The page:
Don’t forget the families

In this post from Corkboard Connections on teaching parents about the Common Core, Laura Candler reminds us that differentiation is not just about the decisions we make in classrooms. In order to be effective in meeting the needs of all learners, we have to educate parents too. Parents need to understand learning standards so that they can help with [read more…]

Number sense in kindergarten

There are so many ideas for teaching number sense on Kinder Doodles, an idea-rich blog for teachers of young children. Pop over to see a handful of ways to help students learn more about number values, relationships, and uses. You will find something for every type of learner on this post including a [read more…]

Questions, myths and answers

It’s a new month and a new theme! November will be dedicated to differentiated instruction and the Common Core State Standards.

I am kicking off the series with a blog post on Edutopia contributed by John McCarthy. His short piece on myths addresses misconceptions of [read more…]

Architects in the classroom

Edutopia is “to the rescue” once again in providing wonderful resources for a unique product that can be used to teach and assess in the differentiated classroom: an architectural model. Students in Eeva Reeder’s geometry class must develop a site plan, a scale model, floor plans, a perspective drawing, a cost estimate, and a written proposal. This short article provides a detailed description of the architecture project, the many types of assessments used, and the ways in which she encourages [read more…]

Creating cell models

This month, I am focused on differentiated products. Every day of October, I will be sharing a product that students can create to show what they know. I will feature a range of ideas including games, posters, written materials, pieces of art and more.

To kick off the series I am blogging about Amy Alvis, a creative middle school teacher who blogs about several different subject areas on her site, Math, Science, Social Studies…Oh My. You will love her detailed descriptions of lessons and the many snapshots of student work.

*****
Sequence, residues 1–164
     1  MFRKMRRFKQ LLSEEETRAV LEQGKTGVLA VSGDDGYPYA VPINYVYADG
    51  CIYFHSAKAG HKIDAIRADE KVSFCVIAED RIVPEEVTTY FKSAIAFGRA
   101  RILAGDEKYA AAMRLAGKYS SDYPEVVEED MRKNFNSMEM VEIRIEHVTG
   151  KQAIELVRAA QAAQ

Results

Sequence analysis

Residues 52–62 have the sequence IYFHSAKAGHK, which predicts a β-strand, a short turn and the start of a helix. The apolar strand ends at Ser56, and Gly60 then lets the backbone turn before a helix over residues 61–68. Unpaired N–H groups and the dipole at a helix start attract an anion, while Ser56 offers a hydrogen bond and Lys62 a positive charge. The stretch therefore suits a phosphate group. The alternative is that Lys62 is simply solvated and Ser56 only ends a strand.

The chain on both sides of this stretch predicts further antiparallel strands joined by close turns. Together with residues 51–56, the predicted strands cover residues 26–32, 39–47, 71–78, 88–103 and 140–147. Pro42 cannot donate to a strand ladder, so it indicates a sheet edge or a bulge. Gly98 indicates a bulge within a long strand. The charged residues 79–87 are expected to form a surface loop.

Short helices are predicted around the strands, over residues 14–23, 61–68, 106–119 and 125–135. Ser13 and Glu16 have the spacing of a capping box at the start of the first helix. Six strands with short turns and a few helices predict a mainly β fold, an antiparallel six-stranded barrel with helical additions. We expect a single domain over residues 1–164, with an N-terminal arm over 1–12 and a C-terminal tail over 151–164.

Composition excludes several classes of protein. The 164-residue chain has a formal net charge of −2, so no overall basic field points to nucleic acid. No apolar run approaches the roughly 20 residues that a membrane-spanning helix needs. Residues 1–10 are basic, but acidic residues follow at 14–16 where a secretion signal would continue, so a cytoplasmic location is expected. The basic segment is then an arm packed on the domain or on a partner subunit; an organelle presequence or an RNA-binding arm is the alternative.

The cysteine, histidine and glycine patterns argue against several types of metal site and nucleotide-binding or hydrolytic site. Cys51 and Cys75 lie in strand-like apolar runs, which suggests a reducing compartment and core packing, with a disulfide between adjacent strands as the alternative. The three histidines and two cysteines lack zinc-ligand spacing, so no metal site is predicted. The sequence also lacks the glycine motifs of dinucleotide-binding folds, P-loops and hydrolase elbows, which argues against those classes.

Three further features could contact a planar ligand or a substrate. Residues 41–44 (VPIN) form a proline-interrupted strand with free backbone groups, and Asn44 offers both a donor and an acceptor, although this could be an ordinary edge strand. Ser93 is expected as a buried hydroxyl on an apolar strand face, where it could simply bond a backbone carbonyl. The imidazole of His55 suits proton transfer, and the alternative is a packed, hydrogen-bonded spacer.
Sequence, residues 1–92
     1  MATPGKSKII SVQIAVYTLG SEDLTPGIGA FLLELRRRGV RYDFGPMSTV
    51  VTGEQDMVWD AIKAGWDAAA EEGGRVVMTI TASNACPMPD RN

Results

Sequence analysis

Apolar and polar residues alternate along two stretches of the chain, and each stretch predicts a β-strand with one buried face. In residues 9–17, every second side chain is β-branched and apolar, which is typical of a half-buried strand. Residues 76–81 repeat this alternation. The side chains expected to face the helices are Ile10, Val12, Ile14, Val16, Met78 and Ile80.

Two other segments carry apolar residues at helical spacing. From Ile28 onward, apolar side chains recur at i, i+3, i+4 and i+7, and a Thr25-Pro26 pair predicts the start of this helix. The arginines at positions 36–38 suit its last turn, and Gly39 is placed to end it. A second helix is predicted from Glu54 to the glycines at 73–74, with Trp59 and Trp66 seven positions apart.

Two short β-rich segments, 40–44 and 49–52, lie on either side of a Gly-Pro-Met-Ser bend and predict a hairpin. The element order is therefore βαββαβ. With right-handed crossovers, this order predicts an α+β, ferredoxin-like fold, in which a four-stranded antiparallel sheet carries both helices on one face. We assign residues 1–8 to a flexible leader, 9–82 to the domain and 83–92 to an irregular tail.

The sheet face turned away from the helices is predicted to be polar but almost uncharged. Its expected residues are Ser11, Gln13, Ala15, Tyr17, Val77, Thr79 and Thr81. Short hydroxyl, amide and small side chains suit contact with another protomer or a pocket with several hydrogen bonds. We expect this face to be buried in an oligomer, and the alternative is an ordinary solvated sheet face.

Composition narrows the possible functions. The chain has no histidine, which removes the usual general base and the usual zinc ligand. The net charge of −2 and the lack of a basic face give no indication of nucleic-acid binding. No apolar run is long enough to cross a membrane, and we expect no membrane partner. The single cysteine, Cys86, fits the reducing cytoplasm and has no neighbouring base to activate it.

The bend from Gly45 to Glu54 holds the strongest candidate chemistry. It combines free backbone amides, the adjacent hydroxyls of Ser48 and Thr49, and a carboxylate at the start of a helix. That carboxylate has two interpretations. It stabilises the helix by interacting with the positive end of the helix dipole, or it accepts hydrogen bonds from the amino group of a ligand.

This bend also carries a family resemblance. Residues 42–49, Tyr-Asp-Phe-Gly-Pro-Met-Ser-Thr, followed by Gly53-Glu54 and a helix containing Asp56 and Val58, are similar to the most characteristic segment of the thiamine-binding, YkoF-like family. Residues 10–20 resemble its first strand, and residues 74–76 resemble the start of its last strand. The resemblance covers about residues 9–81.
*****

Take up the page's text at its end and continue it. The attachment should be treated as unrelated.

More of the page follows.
I found many posts appropriate for [read more…]

Marshmallows in math class?

What can you do with spaghetti, masking tape, string, and a little collaboration? You can take the marshmallow challenge! Over at Middle School Math Rules, Ms. Nackel, describes how she used this game to engage in classroom team building and to teach her seventh-grade math students about communication and problem-solving. She provides a really nice Google slide presentation that explains the challenge step-by-step. Essentially, the game involves [read more…]

“All about me” for everyone

Anyone in the midst of an “all about me” unit? If so, you will want to visit Mrs. Lee’s Kindergarten blog. Not only does she share a whole host of ideas, she includes several photos of the lessons. This unit contains lessons and activities that will speak to every type of learner. She has name pictures for [read more…]

DEFINE “VERTEX”

Math teachers often find that active learning techniques are hard to implement into their lessons. This one at Ramblings of a Fifth and Sixth Grade Teacher, however, is designed for the math classroom. Word ball is fun and easy to set up and helps students develop a stronger vocabulary that can be accessed across math lessons and units.

This game can, of course, be used in any [Read more…]

BULLETIN BOARDS FOR THE SECONDARY MATH TEACHER

There are few materials on the web to help middle and secondary teachers differentiate instruction or create a more responsive classroom. Therefore, when I stumbled upon this teacher educator’s collection of interactive bulletin boards for middle school and high school math teachers, I was impressed. The Kutztown University site offers options for [Read more…]

It’s time to (groan) assign a group project

Do your students dread working on group projects? Do you spend too much time trying to figure out who will and won’t work well together?  We found this great visual on Math Teacher Mambo’s blog; it provides a rationale for group work and some gentle encouragement to practice communication and social skills. We think this tool is a great way to break the ice and help your anxious, shy, or reluctant students deal with the anxiety or uncertainty of [Read more…]